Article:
Sunday, October 31, 2010
It seems like it's been a long dry spell without posting. So much has happened in the last few weeks but I just felt like we had to be in the 'zone' of tending to business and our prearranged assignments of tasks while in the US. It is all a little unfortunate in a way because I'm not sure we were totally ourselves and we were certainly stressed while travelling about the US, shipping household goods to Cuenca from Denton Texas, meeting with family in Missouri, Texas and Oklahoma, getting married in Tennessee, going on a honeymoon in Missouri, going to the Ecuadorian consulate in Texas, taking care of business matters in Oklahoma, clearing out Rachel's house, having two household sales, and in general burning candles at both ends. Color us exhausted. Color us unwinding. Color us relieved and happy to settle into this new home of ours in Cuenca. We're home!
I'm hoping that Rachel will add a few words at some point to describe her feelings and emotions as she takes in her new surroundings. I was in the states for almost a month so my first couple days back in Ecuador were a juxtaposition of dreamlike surrealism and giddy joy. The 'giddiness' was certainly due in no small part to having the love of my life right here with me. Its one thing to marvel at your surroundings but when there's no one to share it with it's like the proverbial falling tree in the forest with no one to hear it. There's no sound. My experience in Ecuador is at last a shared experience. If you are a US expatriate you can identify with what I'm saying. If you go back to the states and tell people about why you keep coming back here they just look at you like you are certainly a Martian. At least to Rachel, I'm no longer a Martian.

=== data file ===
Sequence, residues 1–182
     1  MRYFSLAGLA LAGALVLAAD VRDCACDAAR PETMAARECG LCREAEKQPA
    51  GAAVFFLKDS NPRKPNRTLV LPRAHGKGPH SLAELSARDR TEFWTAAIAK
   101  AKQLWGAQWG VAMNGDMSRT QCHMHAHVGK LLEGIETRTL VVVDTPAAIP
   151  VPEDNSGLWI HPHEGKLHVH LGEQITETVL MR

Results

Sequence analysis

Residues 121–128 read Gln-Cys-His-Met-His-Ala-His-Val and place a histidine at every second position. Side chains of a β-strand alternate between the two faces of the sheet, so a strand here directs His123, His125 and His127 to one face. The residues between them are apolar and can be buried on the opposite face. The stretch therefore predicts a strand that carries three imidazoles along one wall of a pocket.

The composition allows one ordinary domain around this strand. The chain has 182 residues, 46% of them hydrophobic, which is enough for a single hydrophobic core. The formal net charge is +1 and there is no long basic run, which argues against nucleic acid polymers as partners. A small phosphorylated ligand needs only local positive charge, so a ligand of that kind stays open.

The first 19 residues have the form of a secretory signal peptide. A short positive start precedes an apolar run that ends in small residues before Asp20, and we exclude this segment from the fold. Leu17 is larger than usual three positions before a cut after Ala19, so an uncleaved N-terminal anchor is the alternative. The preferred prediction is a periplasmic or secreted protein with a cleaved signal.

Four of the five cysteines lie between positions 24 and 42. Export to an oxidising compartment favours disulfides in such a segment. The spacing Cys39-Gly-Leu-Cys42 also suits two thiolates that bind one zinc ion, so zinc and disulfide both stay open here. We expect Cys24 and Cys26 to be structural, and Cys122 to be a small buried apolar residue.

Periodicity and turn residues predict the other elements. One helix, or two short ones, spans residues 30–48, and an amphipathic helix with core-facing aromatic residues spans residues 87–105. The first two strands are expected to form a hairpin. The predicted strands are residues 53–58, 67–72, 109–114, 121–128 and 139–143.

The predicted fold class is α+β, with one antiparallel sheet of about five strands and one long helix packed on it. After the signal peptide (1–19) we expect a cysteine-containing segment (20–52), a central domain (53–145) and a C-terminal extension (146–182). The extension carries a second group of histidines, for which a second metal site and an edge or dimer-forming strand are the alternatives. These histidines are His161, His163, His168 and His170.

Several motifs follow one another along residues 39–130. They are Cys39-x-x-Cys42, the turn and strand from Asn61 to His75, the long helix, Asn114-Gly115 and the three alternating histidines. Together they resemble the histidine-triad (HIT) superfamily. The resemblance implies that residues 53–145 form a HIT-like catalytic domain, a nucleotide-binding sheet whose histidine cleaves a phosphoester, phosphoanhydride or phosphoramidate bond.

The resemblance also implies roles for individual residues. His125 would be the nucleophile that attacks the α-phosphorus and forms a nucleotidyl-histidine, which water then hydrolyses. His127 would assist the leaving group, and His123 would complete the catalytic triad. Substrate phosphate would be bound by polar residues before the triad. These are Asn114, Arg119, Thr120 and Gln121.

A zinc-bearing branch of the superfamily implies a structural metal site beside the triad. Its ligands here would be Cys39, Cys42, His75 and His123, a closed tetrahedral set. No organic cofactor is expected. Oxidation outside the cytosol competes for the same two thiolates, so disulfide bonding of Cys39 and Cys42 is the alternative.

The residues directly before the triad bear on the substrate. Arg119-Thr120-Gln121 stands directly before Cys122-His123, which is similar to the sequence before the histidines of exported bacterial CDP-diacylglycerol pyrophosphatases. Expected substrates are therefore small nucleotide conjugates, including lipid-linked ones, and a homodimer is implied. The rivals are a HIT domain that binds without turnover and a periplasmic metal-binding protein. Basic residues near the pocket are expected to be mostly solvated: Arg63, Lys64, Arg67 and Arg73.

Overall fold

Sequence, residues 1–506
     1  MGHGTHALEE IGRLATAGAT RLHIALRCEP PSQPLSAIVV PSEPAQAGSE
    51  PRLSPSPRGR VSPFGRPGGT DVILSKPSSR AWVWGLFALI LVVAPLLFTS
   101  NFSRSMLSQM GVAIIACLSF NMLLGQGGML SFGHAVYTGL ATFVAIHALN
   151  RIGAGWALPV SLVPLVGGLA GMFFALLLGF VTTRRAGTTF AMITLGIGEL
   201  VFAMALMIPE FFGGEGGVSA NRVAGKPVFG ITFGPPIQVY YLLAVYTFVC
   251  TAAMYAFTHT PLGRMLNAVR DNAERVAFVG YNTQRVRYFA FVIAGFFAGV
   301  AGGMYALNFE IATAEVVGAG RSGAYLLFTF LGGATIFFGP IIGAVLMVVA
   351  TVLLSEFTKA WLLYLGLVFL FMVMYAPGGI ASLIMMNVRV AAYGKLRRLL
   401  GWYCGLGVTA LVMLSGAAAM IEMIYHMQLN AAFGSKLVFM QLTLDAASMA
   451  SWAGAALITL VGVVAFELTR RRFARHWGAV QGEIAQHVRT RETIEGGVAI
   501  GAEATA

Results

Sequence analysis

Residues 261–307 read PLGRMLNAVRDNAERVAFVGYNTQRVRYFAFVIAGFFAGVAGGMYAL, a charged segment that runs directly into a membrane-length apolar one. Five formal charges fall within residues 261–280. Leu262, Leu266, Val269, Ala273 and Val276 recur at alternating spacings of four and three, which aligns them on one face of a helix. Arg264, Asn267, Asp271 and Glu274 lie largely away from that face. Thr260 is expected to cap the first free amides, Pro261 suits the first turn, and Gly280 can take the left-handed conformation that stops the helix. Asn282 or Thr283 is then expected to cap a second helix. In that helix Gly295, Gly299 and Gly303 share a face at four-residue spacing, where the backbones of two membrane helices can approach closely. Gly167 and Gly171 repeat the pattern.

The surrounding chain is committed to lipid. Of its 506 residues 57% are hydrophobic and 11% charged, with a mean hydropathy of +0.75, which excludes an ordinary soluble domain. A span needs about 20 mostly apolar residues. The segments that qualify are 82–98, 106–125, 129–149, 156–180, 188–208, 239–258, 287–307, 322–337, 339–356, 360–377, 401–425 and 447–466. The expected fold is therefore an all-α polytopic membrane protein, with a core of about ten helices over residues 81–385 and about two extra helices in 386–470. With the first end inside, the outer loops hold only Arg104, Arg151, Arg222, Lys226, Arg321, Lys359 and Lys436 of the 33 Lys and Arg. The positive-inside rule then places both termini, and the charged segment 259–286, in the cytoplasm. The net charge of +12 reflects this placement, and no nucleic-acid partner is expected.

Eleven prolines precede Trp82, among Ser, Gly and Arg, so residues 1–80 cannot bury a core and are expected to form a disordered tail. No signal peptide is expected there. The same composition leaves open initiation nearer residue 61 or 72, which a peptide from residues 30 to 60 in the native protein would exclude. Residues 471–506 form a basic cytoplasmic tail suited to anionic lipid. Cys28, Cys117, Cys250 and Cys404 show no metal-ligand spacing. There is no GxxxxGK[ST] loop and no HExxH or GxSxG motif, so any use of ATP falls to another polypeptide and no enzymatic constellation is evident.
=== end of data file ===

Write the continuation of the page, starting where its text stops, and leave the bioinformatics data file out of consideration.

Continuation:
Every time you engage in a conversation with a local here it is a virtual treasure trove of Ecuador culture and the heart of the people. Today Rachel and I were blessed to meet Dr. Rodrigo Crespo Toral. If you live in Ecuador, especially in Cuenca, you know the name Crespo. There are statues and streets named for Rodrigo’s father and his great uncle Remigio in Cuenca. They are a family of physicians, healers. Rodrigo was a professor of pediatric medicine at Georgetown University. At 86, he is still handsome and regal and is obviously proud of his beautiful wife of 62 years. This day he had two granddaughters, their mother, and his lovely wife at his side. We ate ice cream together at a wonderful heladoria on Parque Calderon. It was important to Rodrigo that his granddaughters knew about the city that fostered his development. The building where we ate our helados once housed the high school where Rodrigo learned Latin and the disciplines of biology and physiology. I felt so humbled and privileged to be with him this day. Rachel talked with him about being a specialty neo natal nurse in the US. “You aren’t retiring are you?” he admonished. I had the feeling Rodrigo wasn’t long out of the practice of medicine. His passion was still in his eyes and his steady voice. We had just brushed with the heart of Ecuador and her heart is well.
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